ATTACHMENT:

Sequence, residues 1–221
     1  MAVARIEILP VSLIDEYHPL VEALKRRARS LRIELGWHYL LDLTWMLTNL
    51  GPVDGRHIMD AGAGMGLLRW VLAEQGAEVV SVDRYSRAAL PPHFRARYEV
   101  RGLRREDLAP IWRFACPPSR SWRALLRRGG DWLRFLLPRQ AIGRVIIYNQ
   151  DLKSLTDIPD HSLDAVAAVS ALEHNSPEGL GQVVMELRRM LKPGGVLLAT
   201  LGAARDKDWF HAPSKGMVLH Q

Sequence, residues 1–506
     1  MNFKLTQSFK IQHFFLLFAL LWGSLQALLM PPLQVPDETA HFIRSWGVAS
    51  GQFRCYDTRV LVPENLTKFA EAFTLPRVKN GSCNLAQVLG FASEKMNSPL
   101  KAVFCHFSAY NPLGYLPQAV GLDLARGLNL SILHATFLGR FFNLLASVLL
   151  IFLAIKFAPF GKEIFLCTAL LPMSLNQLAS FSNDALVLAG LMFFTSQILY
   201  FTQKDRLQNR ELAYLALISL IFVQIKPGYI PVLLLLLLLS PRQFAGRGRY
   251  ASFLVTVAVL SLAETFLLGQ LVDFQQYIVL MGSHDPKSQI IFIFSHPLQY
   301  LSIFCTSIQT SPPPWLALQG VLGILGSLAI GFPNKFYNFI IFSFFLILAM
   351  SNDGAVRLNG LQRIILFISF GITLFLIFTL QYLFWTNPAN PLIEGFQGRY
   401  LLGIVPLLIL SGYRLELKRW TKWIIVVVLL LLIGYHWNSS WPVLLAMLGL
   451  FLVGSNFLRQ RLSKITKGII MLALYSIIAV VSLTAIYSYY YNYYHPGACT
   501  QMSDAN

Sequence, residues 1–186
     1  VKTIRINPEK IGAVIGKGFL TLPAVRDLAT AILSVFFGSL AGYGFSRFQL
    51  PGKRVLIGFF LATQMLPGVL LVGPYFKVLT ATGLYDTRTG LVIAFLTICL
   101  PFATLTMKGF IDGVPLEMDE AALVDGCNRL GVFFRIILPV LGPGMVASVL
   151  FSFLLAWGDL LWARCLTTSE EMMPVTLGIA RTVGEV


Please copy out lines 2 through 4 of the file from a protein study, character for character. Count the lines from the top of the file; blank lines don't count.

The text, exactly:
     1  MAVARIEILP VSLIDEYHPL VEALKRRARS LRIELGWHYL LDLTWMLTNL
    51  GPVDGRHIMD AGAGMGLLRW VLAEQGAEVV SVDRYSRAAL PPHFRARYEV
   101  RGLRREDLAP IWRFACPPSR SWRALLRRGG DWLRFLLPRQ AIGRVIIYNQ